Liverpool’s Royal Court receives £729,000 to secure its future
This morning, Liverpool’s Royal Court received some welcome news from the Department for Digital, Culture, Media and Sport. The venue has received a grant from the £250m Culture Recovery Fund that was set up to help arts venues to mitigate the impact of Coronavirus on the sector.
Prior to the pandemic, more than 90% of the income raised by Liverpool’s Royal Court came from ticket sales and subsequent food and drink sales. With current social distancing regulations reducing the capacity to around 25% of its previous 1,000 seats the venue has been unable to operate since March.
Staff have been paid by a mix of the government furlough scheme and the theatres cash reserves but both are on course to run out soon.
Today’s funding announcement is good news for suppliers as well as theatre staff, actors and musicians. It is also great news for audiences as it means the shows can go on with a scaled back, socially distanced Christmas Show planned followed by two new productions in the spring. Tickets for the Christmas show could go on sale as early as next week.
Kevin Fearon, Executive Producer at Liverpool’s Royal Court said: “This funding is hugely important to the business and is the difference between us being able to plan for an exciting future with the great team we have here and the potential closure of the theatre. We recognise this is an incredibly difficult time for the country but particularly this region, with hospitality businesses everywhere struggling to survive. The support we have been offered not only gives us the chance to give our audience that shared experience we’ve all been missing but it also means that everyone involved with the theatre and their families will be able to get through the next six months.”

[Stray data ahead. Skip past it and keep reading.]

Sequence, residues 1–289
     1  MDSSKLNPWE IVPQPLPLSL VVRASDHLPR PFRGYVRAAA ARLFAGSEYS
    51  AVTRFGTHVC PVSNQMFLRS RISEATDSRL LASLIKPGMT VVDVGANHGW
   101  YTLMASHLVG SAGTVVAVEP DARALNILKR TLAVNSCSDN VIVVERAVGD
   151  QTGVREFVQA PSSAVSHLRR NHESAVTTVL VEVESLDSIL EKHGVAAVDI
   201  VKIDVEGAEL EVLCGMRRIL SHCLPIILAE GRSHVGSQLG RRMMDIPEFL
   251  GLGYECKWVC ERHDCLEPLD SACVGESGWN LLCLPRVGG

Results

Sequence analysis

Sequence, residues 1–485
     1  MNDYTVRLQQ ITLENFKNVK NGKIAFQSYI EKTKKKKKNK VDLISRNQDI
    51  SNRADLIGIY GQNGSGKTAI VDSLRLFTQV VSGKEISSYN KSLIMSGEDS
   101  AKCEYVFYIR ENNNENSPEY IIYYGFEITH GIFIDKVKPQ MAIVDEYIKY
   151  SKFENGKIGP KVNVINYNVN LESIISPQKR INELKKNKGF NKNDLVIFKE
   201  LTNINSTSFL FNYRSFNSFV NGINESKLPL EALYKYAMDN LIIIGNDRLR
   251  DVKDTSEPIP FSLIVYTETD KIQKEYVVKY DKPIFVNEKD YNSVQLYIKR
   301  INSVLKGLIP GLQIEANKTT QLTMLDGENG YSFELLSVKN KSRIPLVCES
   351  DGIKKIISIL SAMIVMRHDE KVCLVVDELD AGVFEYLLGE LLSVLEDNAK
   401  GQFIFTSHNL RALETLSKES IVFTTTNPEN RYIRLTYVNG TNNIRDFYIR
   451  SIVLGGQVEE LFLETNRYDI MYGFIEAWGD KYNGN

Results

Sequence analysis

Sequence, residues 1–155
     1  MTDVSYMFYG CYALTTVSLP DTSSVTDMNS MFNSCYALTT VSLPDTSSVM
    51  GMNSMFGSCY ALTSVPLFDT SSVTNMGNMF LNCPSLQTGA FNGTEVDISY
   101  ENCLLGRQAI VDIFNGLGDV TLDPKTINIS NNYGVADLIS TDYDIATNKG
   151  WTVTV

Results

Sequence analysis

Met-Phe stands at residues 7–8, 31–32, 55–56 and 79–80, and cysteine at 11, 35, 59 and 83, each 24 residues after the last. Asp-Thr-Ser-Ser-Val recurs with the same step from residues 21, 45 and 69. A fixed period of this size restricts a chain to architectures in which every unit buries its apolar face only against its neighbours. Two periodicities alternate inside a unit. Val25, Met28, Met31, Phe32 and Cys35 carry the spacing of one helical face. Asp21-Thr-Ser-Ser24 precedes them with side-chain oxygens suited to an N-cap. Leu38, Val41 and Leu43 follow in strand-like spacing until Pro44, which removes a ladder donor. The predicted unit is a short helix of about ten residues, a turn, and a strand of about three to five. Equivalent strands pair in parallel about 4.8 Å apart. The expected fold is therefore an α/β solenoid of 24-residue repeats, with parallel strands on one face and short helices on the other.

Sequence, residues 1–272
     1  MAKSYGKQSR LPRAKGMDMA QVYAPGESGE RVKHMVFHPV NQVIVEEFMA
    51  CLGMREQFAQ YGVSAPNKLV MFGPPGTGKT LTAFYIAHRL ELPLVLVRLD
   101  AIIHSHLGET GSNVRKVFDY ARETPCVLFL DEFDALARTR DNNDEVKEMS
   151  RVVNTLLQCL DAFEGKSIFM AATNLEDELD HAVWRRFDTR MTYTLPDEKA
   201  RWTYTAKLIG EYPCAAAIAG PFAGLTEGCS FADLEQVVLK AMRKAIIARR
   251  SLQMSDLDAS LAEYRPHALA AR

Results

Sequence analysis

Gillian Miller, the venue’s Chief Executive, said: “It’s great that DCMS have recognised Liverpool’s Royal Court with this recovery grant. As the region’s largest producing theatre and part of the Arts Council’s National Portfolio, we are looking forward to playing our part in helping to make sure Liverpool’s creative sector survives through these challenging times. We look forward to opening our doors to the public again as soon as we can and welcoming back all those who have supported us over the years and particularly over the last few months.”
Miriam Mussa, Director of Education and Participation said ‘This is tremendous news for our youth theatre, community choir and the other community groups we support. The DCMS grant will enable us to continue running our socially distanced youth theatre for young people in the theatre and from January onwards, include our partners Positive Impact, Catalyst, Capoeira for All and The Comedy Trust in the delivery of free to access activity for people living in some of the most deprived communities in the region.”